Conservation Genetics

, Volume 8, Issue 1, pp 45–56

Contrasting Levels of Variation in Neutral and Quantitative Genetic Loci on Island Populations of Moor Frogs (Rana arvalis)

Authors

    • Ecological Genetics Research Unit, Department of Biological and Environmental SciencesUniversity of Helsinki
  • José M. Cano
    • Ecological Genetics Research Unit, Department of Biological and Environmental SciencesUniversity of Helsinki
  • Pierre-André Crochet
    • Department of Animal Ecology, Evolutionary Biology CentreUppsala University
    • CNRS-UMR 5175, Centre d’Ecologie Fonctionnelle et Evolutive
  • Juha Merilä
    • Ecological Genetics Research Unit, Department of Biological and Environmental SciencesUniversity of Helsinki
ORIGINAL PAPER

DOI: 10.1007/s10592-006-9147-4

Cite this article as:
Knopp, T., Cano, J.M., Crochet, P. et al. Conserv Genet (2007) 8: 45. doi:10.1007/s10592-006-9147-4

Abstract

Reduced levels of genetic variability and a prominent differentiation in both neutral marker genes and phenotypic traits are typical for many island populations as compared to their mainland conspecifics. However, whether genetic diversity in neutral marker genes reflects genetic variability in quantitative traits, and thus, their evolutionary potential, remains typically unclear. Moreover, the phenotypic differentiation on islands could be attributable to phenotypic plasticity, selection or drift; something which seldom has been tested. Using eight polymorphic microsatellite loci and quantitative genetic breeding experiments we conducted a detailed comparison on genetic variability and differentiation between Nordic islands (viz. Gotland, Öland and Læsø) and neighbouring mainland populations of moor frogs (Rana arvalis). As expected, the neutral variation was generally lower in island than in mainland populations. But as opposed to this, higher levels of additive genetic variation (V A) in body size and tibia length were found on the island of Gotland as compared to the mainland population. When comparing the differentiation seen in neutral marker genes (F ST) with the differentiation in genes coding quantitative traits (Q ST) two different evolutionary scenarios were found: while selection might explain a smaller size of moor frogs on Gotland, the differentiation seen in tibia length could be explained by genetic drift. These results highlight the limited utility of microsatellite loci alone in inferring the causes behind an observed phenotypic differentiation, or in predicting the amount of genetic variation in ecologically important quantitative traits.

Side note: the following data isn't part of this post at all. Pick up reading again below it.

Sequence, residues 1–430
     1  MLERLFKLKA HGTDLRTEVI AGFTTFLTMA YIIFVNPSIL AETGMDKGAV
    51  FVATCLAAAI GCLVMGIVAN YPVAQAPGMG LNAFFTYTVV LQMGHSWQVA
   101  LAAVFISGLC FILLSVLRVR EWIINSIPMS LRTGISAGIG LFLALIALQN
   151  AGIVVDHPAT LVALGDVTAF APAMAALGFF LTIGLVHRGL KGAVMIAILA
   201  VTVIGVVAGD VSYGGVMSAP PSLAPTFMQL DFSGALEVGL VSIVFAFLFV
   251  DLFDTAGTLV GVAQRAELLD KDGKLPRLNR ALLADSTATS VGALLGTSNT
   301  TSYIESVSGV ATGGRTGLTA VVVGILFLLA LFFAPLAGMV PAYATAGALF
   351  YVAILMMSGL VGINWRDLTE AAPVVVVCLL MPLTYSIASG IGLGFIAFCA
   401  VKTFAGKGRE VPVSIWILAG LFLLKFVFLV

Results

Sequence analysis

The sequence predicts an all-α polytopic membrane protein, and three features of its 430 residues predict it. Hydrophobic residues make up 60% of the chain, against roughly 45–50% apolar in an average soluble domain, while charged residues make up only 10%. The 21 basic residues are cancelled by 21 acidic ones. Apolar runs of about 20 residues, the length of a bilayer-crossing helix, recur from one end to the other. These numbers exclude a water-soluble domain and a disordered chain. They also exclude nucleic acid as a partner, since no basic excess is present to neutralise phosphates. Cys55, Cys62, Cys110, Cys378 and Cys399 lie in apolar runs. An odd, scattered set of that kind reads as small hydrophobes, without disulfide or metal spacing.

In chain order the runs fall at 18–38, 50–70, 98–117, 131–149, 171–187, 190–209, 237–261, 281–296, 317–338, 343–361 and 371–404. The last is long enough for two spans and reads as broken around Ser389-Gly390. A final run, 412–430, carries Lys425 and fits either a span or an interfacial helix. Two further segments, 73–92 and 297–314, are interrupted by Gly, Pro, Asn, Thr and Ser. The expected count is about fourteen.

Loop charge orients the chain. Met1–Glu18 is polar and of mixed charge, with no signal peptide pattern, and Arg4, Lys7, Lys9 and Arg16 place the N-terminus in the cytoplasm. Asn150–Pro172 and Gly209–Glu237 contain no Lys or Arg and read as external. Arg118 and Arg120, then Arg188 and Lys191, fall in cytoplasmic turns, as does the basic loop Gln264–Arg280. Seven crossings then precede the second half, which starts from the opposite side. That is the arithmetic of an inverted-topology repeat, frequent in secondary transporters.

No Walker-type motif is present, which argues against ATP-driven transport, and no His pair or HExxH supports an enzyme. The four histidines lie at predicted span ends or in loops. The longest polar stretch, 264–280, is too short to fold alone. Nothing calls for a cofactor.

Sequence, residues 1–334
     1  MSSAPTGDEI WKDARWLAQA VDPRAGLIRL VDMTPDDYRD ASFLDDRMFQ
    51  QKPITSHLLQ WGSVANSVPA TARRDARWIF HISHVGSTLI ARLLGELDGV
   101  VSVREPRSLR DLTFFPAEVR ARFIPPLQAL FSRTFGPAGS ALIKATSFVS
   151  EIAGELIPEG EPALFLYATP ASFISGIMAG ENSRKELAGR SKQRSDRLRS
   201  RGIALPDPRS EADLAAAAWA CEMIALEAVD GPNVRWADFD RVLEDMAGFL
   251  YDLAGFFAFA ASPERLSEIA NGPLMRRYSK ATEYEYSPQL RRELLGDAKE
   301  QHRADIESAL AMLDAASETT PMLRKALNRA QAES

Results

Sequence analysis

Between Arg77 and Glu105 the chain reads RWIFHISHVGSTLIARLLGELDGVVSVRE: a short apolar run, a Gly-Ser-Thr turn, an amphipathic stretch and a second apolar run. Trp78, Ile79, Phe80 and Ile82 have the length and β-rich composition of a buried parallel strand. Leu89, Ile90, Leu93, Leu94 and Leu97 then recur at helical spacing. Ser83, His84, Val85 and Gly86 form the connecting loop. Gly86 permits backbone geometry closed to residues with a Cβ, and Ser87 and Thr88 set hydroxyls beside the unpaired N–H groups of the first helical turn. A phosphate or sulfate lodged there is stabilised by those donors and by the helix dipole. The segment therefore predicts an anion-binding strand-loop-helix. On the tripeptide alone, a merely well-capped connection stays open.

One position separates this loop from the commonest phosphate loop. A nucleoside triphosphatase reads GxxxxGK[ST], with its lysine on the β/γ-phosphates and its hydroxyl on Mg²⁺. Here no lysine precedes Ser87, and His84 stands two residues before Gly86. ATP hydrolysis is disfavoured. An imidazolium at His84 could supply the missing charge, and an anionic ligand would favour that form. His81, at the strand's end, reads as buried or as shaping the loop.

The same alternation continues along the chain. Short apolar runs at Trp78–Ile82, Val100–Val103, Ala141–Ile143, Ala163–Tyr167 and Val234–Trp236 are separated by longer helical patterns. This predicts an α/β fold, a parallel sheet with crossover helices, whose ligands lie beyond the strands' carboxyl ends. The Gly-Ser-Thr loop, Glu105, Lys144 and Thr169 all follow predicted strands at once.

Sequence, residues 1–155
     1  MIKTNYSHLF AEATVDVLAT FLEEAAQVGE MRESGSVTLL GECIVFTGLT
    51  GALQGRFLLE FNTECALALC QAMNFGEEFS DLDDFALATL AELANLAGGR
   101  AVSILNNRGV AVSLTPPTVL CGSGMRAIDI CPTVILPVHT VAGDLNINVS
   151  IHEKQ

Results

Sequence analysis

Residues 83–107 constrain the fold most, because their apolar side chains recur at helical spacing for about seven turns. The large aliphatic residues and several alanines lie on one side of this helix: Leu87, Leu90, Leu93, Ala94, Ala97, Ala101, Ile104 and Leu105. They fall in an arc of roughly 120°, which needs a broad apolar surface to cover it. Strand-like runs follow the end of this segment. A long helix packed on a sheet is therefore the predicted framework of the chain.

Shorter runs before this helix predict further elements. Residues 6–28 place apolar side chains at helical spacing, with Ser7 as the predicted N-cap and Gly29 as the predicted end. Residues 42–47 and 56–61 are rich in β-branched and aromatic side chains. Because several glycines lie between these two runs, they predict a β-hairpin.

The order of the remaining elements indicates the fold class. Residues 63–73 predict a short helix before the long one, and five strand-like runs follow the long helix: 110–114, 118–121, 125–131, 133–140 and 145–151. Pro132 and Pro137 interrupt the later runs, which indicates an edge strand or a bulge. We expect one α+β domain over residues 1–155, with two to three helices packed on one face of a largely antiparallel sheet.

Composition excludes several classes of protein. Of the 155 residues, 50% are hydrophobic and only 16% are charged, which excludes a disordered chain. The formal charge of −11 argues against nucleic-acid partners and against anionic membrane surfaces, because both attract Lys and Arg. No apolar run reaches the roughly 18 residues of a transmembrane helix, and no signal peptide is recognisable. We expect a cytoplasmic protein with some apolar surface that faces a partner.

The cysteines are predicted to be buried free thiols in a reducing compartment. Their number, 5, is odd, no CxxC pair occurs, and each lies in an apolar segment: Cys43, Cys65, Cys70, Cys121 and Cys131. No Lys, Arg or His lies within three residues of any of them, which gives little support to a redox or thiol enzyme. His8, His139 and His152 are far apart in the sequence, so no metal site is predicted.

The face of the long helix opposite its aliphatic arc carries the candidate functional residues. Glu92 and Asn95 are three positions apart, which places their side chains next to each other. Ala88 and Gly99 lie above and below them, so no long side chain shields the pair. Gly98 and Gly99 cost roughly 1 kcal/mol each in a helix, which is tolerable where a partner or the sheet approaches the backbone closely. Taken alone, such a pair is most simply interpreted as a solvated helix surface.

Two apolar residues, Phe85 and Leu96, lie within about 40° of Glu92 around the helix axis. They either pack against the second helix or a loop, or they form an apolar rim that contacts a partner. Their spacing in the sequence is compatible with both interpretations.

Keywords

Amphibia Genetic diversity Island F ST Q ST

Copyright information

© Springer Science+Business Media B.V. 2006